- In transport, ~30% of the energy content of a litre of fuel is rejected through the radiator coolant loop. The Dearman Engine can be deployed as a high yield thermal energy recovery system that could convert heat from the exhaust or coolant systems of an IC engine into shaft power at practical conversion efficiencies of up to 50%. This would increase the overall engine efficiency by between 20% and 30% without impacting on any other fuel efficiency technologies.
Cryogenic liquids present manageable hazards which are well understood. While these hazards are serious, their risk of occurring is minimised by the way in which early liquid air commercial vehicles will be deployed. The main hazards and their remedies are shown in the table below.
|Extreme cold. Both liquid air and liquid nitrogen are profoundly cold, meaning they can cause serious cold burns and frostbite if they come into direct contact with the skin. Injuries can also occur if someone touches an uninsulated tank or pipe.
|The highest risk of contact would be during re-fueling, but this risk would be eliminated by driver training, protective clothing and insulated fuel pipes which lock to the vehicle fuel tank. Such re-fueling systems are already in use (see picture) for liquid nitrogen and Liquefied Natural Gas (LNG).
|Asphyxiation. If liquid nitrogen is used as a transport fuel, the exhaust is clean but unbreathable, making it unsuitable for use indoors. A vehicle left idle for long periods in a poorly ventilated garage might also present a hazard since the liquid nitrogen in the fuel tank would slowly evaporate, potentially raising the concentration of nitrogen in the atmosphere.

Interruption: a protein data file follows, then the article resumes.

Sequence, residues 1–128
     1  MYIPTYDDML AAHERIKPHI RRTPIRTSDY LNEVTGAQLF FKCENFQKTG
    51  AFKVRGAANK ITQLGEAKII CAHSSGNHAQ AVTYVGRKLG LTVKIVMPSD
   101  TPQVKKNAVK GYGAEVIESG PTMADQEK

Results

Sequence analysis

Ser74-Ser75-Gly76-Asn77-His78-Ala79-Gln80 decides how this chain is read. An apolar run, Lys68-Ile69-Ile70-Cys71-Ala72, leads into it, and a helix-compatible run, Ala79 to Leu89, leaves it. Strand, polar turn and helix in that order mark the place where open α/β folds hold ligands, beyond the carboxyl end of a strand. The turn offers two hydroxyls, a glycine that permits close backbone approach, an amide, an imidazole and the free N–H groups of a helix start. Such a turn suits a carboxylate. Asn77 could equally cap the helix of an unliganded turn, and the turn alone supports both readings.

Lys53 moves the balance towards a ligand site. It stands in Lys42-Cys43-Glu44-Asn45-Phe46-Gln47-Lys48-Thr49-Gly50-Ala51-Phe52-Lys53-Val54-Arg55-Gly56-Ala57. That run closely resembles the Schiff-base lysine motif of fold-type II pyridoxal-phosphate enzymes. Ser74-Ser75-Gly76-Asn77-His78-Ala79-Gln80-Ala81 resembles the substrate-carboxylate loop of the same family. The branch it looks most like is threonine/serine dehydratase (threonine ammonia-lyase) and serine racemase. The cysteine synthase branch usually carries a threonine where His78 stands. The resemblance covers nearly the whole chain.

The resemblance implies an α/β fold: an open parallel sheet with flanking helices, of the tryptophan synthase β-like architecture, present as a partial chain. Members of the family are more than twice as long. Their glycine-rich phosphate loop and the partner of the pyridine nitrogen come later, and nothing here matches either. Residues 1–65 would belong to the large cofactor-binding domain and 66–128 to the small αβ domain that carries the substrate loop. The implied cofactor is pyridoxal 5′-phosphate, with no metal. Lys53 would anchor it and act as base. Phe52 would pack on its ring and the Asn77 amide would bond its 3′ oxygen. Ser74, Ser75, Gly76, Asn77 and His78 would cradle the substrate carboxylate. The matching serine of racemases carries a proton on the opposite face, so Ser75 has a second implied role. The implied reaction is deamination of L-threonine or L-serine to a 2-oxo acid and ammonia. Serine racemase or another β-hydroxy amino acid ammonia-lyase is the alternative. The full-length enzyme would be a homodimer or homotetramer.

|All the currently proposed applications of liquid air technologies are commercial vehicles that spend their working lives outdoors, largely eliminating the risk. If vehicles equipped with liquid nitrogen are to spend any time indoors (e.g. for servicing) the hazard could be eliminated with monitoring, ventilation and safety protocols. Liquid air would not present this hazard.
|Oxygen enrichment. Liquid air consists of oxygen and nitrogen in the same proportions as in the atmosphere: 79:21. However, because nitrogen boils at a lower temperature (-196C) than oxygen (-183C), over time liquid nitrogen boils off preferentially and the proportion of oxygen in liquid air can rise. Since oxygen is highly reactive, particularly if it comes into contact with hydrocarbons for example, any concentration above 23% is regarded as dangerous.
|All the proposed applications are likely to use an entire tank of liquid air each day, so reducing the chance of enrichment. Again, monitoring equipment and fail-safe systems would minimise the risk. It should be noted that the Liquid Air Energy Storage plant in Slough has operated safely for two years (pictured). Liquid nitrogen does not present this hazard, and there is enough spare nitrogen capacity to fuel early applications until at least 2019.
A full discussion of hazards and mitigation can be found in the CLCF report, Liquid air in the energy and transport systems.
Liquid Air - Key advantages
- A superabundant and cost-free feedstock;
- Cryogenic liquid production, its distribution infrastructure and its equipment supply chain are already mature;
- Storage is at low pressure and there is no fuel combustion risk;
- For grid based storage, no geographical constraints as with pumped hydro or large scale CAES (compressed air energy storage); and can be deployed at scales batteries find heard to achieve
- None of the proposed technologies requires scarce materials;
- The energy density of liquid air compares favourably to low-carbon competitors;
- For transport applications, very fast re-fuelling times are possible ;
- Cost competitive to other low-carbon technologies;
- Synergy with other processes, including use of waste heat (acting as a high yield heat energy recovery system) and/or provision of cold.
Highview Power Storage pilot plant at Slough